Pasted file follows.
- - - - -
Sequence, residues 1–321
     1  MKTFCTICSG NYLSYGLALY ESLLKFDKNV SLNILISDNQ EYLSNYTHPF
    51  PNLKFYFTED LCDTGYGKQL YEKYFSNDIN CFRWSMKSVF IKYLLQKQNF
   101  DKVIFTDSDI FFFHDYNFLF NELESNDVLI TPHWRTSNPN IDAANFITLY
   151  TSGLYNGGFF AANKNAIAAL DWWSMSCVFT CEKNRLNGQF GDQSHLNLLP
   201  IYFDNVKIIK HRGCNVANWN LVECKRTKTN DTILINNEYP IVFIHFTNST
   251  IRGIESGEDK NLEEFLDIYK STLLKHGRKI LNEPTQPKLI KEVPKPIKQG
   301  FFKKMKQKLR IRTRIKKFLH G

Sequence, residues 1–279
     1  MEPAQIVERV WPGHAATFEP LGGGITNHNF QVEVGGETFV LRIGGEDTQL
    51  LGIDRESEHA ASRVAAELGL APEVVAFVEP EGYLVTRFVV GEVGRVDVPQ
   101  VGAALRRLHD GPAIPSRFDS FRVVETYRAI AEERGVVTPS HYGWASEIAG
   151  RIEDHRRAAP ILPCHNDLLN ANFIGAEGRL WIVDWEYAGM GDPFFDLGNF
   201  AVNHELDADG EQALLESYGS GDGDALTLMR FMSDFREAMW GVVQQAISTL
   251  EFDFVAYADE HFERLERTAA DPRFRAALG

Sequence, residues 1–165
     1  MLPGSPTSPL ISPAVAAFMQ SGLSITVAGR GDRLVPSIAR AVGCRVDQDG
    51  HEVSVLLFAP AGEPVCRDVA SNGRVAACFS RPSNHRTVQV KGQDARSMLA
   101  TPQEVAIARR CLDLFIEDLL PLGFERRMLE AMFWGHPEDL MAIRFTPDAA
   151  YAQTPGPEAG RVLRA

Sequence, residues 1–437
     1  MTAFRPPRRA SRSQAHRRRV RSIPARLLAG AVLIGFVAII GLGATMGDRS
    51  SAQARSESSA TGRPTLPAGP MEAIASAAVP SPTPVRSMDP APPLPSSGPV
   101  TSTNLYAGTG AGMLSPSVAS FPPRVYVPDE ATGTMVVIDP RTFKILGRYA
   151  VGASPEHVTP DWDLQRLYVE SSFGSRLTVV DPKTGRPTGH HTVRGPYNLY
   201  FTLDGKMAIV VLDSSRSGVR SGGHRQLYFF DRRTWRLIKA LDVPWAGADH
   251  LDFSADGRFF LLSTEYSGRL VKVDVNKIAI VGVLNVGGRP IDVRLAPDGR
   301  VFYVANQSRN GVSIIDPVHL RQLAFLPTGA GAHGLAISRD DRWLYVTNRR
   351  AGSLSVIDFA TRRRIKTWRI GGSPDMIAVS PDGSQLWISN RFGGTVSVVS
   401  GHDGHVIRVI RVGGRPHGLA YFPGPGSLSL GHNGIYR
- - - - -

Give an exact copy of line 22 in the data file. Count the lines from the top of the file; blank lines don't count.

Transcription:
     1  MTAFRPPRRA SRSQAHRRRV RSIPARLLAG AVLIGFVAII GLGATMGDRS